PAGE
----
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i'm not supposed to be asking my son for help. i'm supposed to be helping him. >> reporter: gina says members of congress bickers over the jobs bill need to walk in her shoes for a while. >> if they were your shoes, how would they feel? >> they wouldn't feel very good right now. they would not. they would feel like something has to be done. >> reporter: a sentiment reflected on millions of american faces now. mark potter, nbc news, miami. when our broadcast continues on a wednesday night, women's lives at stake in a fight over who should help them in what could be a very dangerous situation. >> reporter: a. and later a tribute to an american giant and at the same time a daughter's tribute to her mom and a dream deferred more than 40 years. [ male announcer ] a simple gesture can spark romance anytime. and when it does, men with erectile dysfunction can be more confident in their ability to be ready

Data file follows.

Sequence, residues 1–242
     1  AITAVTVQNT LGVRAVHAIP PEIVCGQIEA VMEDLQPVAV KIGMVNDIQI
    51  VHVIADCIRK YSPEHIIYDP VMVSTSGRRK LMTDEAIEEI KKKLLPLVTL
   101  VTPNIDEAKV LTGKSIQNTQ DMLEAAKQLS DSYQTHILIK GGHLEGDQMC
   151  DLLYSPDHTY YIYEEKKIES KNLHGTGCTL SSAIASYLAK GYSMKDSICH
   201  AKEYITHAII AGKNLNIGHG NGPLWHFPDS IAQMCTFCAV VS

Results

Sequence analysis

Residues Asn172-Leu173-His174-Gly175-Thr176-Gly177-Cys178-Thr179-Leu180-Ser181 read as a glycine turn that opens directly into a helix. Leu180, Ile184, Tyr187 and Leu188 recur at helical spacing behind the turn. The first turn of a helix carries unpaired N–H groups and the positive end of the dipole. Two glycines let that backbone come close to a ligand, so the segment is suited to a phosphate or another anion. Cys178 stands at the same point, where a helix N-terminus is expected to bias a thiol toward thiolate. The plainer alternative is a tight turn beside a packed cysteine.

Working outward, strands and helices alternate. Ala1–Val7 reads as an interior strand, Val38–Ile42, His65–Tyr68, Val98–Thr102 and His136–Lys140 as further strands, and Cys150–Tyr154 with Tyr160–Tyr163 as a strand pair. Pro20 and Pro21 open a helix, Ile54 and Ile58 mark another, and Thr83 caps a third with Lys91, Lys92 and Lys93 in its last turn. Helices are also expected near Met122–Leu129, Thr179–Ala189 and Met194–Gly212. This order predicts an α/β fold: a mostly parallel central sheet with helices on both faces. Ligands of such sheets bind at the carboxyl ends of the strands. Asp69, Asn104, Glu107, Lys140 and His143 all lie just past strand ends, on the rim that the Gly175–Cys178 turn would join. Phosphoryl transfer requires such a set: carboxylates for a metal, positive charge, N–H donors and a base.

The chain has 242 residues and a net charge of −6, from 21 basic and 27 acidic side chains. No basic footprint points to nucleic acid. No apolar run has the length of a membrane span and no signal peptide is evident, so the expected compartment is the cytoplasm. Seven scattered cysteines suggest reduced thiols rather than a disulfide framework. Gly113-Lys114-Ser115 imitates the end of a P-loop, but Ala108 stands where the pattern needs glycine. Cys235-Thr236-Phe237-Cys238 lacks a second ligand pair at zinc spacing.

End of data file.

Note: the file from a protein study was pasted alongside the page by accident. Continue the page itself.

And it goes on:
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seal beach. early reports say the suspect, now under arrest, was wearing body armor, carrying a supply of weapons. six people believed to be dead in this incident. now a story some would call belt tightening run wild and women victims of domestic violence caught in the middle. topeka, kansas, like a lot of places in america, is strapped for cash, but what happened there this week in a fight over a law meant to protect women from domestic violence received the national spotlight. nbc's stephanie gosk has our report tonight from topeka. >> reporter: in this midwest town of 127,000, budget cuts are hitting hard. in an extraordinary city council meeting tuesday night, members voted 7-3 to repeal a law making domestic violence a misdemeanor crime. county and city officials were arguing over who should have to pay to prosecute the cases. the district attorney said he no longer had enough money in his budget and that the city had to take over. >> we had to prioritize what